Education

Virtual Reality in Education & the ADA: More Accessibility or Less Accessibility?

Yvie Yao, MJLST Staffer 

Imagine that students no longer need to go to a lab to have a lab experience or go to France to visit the Eiffel Tower. Though sounding impossible, edtech companies that integrate virtual reality (“VR”) technology into the classroom learning experience have enabled these activities.

Copenhagen-based company, Labster, plans to use VR to create virtual labs that will allow students to perform experiments and hone their skills in a risk-free environment. U.S.-based companies, like Nearpod and Alchemy Learning, can take students on virtual field trips to learn about everything from the Amazon rainforest to ancient Roman ruins.

While kids love VR technologies, edtech companies ought to be careful about creating content or products within legal boundaries. After edX’s settlement with the U.S. Department of Justice (“DOJ”), edtech companies may face increased scrutiny under the Americans with Disabilities Act (“ADA”). DOJ claimed that edX’s website, as well as the open online courses offered on its platform, were not fully accessible to individuals with disabilities, thus violating the ADA.

“Massive open online courses have the potential to increase access to high-quality education for people facing income, distance, and other barriers, but only if they are truly open to everyone” said Acting Assistant Attorney General Gupta.

The same can be said for VR applications in education. Courses with the aid of VR technology provide access to high-quality education for students facing different barriers. Yet, the technology itself is less accessible to individuals who are blind or have low vision, who are deaf or hard of hearing.

Title III of the ADA prohibits discrimination on the basis of disability by public accomodations, which include places of education and requires these places to take necessary steps to ensure individuals with disabilities are not treated differently. In the edX settlement, DOJ appeared to interpret edX itself as a place of education within the ADA’s definition of public accommodation. This has two implications. First, purely online educational entities without any physical location qualify as places of education. Second, other web-based education-related service providers might fit the definition of a place of education.

With the law in mind, edtech companies providing online learning content using VR that integrate the content into school curriculums, should be aware of the implications of the ADA and take necessary steps to provide auxiliary aids and services sufficient to enable disabled students to fully participate in the technology.


MJLST for Kids: How the ESSA Promotes K-12 Edtech

Nolan Hudalla, MJLST Staffer

The Minnesota Journal of Law, Science, and Technology is frequently at the forefront of current technological advances. The journal’s publications often address the emerging systems and devices that are changing society, as well as the legal constructs that can be employed to optimize technology’s use. But the next generation is not yet old enough to read MJLST and understand its implications. So how are today’s young students empowered to learn about and keep pace with technology that is advancing so quickly? Additionally, how is such cutting-edge technology being provided to teachers to help them maximize student potential?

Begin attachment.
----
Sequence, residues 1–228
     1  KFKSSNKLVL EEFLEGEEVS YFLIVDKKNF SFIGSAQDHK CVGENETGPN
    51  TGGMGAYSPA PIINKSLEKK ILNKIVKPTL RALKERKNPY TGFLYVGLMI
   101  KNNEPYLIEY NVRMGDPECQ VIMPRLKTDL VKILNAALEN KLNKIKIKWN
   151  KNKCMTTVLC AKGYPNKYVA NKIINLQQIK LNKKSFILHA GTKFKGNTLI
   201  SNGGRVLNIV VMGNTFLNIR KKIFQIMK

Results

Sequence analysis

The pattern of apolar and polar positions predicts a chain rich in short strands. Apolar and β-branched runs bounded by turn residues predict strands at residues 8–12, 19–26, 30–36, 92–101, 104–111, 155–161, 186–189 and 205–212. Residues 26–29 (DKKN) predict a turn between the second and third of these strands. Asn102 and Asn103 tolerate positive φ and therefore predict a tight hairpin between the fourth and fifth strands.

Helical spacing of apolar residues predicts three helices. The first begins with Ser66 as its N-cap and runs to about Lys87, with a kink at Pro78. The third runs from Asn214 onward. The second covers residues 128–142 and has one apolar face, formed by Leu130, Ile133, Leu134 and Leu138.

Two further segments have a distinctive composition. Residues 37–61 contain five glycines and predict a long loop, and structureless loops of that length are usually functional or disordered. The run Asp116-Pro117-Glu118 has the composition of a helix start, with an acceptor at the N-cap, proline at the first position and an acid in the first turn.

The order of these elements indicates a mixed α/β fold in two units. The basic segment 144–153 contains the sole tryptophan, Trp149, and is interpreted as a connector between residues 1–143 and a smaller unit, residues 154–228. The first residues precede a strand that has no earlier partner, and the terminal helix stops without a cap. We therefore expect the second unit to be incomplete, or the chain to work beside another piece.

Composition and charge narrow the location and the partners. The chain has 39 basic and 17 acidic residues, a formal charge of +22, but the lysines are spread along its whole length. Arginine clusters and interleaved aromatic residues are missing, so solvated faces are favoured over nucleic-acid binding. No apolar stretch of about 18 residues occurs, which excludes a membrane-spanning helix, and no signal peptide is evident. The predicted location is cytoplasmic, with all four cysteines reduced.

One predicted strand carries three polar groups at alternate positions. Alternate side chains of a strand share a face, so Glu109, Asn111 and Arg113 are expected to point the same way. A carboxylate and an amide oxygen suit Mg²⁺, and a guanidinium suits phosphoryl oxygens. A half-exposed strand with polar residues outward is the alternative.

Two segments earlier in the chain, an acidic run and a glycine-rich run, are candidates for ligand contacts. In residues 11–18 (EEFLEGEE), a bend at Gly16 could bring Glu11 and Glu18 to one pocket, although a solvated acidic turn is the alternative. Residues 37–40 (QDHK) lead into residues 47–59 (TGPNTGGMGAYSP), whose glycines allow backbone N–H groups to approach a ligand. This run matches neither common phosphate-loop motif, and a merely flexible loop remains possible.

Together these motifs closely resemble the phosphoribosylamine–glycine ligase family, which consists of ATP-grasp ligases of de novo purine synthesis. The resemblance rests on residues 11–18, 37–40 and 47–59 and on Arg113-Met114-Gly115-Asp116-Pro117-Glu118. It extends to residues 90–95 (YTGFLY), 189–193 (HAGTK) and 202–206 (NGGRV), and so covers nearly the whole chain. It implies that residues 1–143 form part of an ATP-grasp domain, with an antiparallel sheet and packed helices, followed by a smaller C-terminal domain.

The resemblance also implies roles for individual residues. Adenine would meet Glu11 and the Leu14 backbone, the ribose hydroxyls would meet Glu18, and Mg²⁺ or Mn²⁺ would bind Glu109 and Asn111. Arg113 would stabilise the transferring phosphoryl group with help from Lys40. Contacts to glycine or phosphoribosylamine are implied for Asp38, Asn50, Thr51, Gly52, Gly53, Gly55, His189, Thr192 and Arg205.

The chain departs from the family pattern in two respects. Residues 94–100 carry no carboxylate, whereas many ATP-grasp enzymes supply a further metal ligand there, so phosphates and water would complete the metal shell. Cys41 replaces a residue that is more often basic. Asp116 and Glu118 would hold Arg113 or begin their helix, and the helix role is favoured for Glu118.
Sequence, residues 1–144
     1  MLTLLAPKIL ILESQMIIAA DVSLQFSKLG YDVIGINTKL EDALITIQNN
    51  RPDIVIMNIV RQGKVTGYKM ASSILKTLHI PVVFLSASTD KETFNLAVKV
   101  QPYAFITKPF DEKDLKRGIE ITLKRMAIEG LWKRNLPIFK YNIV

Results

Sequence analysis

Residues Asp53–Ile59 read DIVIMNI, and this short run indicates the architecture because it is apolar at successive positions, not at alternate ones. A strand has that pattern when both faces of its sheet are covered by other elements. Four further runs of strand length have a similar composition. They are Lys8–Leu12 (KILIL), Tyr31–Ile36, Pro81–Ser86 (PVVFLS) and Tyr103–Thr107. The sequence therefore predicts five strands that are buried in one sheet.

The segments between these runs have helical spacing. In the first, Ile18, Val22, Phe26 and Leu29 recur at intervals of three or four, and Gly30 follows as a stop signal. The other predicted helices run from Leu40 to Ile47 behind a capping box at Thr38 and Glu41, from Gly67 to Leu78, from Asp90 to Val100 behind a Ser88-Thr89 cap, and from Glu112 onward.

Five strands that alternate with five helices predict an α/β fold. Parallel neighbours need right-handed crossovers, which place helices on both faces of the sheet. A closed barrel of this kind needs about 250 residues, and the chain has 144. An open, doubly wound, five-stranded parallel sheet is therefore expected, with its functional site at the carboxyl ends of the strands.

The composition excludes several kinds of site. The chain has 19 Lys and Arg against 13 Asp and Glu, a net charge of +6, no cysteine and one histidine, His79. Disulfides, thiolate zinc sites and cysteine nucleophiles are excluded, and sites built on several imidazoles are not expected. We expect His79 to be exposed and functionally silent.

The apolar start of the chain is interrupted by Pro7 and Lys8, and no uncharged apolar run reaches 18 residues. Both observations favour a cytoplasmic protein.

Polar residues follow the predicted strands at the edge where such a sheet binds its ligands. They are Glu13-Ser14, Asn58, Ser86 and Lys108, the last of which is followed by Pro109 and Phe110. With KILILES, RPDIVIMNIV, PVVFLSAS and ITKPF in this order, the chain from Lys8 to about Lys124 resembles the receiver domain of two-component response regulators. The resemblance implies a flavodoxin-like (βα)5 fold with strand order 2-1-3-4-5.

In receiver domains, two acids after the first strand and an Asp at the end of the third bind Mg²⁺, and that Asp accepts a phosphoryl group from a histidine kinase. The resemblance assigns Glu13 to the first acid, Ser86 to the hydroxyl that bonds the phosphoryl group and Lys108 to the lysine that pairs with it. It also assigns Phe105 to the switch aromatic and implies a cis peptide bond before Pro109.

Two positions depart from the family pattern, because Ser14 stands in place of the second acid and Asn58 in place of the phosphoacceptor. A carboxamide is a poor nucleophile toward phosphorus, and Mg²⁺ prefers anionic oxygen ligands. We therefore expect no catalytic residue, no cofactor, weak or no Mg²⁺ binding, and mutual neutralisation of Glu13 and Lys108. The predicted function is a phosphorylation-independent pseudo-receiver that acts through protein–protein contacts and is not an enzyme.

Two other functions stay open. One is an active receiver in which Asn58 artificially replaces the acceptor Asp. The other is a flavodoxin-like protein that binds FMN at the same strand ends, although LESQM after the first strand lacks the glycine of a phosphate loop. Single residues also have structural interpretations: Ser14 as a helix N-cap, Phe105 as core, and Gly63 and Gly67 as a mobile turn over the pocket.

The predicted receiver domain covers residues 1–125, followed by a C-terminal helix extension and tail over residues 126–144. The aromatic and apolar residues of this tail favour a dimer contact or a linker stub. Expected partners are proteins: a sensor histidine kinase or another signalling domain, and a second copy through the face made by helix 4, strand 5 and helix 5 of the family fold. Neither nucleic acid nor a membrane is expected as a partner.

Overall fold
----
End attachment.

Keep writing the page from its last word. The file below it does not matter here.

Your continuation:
Federal funding for K-12 education is largely provided by the Every Student Succeeds Act (“ESSA”). The ESSA is a major education reform bill that was passed with bipartisan support in December 2015. It is the immediate successor to the highly controversial No Child Left Behind Act (“NCLB”), and there is great anticipation for the ESSA to finally take full effect in the 2017-2018 school year. In fact, Lamar Alexander, chairman of the Senate Health, Education, Labor and Pensions Committee, recently remarked that the new law “will unleash a flood of innovation and student achievement across America.” One specific way that the ESSA is trying to “unleash innovation” is through educational technology (“edtech”).

There are two primary ESSA-provided mechanisms that will impact K-12 edtech. First, Title IV of the ESSA authorizes the Student Support and Academic Enrichment Grant program. The program empowers states and districts to pursue their own edtech initiatives. Second, Title I – the nation’s largest source of federal funding to K-12 education – now makes it easier for schools to use existing funds for edtech than it was under the NCLB.

The Title IV grant program authorizes $1.65 billion dollars for states to dedicate to local priorities. Such priorities could include, for example, counseling, Advanced Placement classes, and edtech. Nearly $900 million of the grant program is permitted to go toward innovative edtech strategies, demonstrating Congress’s commitment to advancing technology in schools. In fact, this authorization is approximately 4 percent of the ESSA’s total funding provision.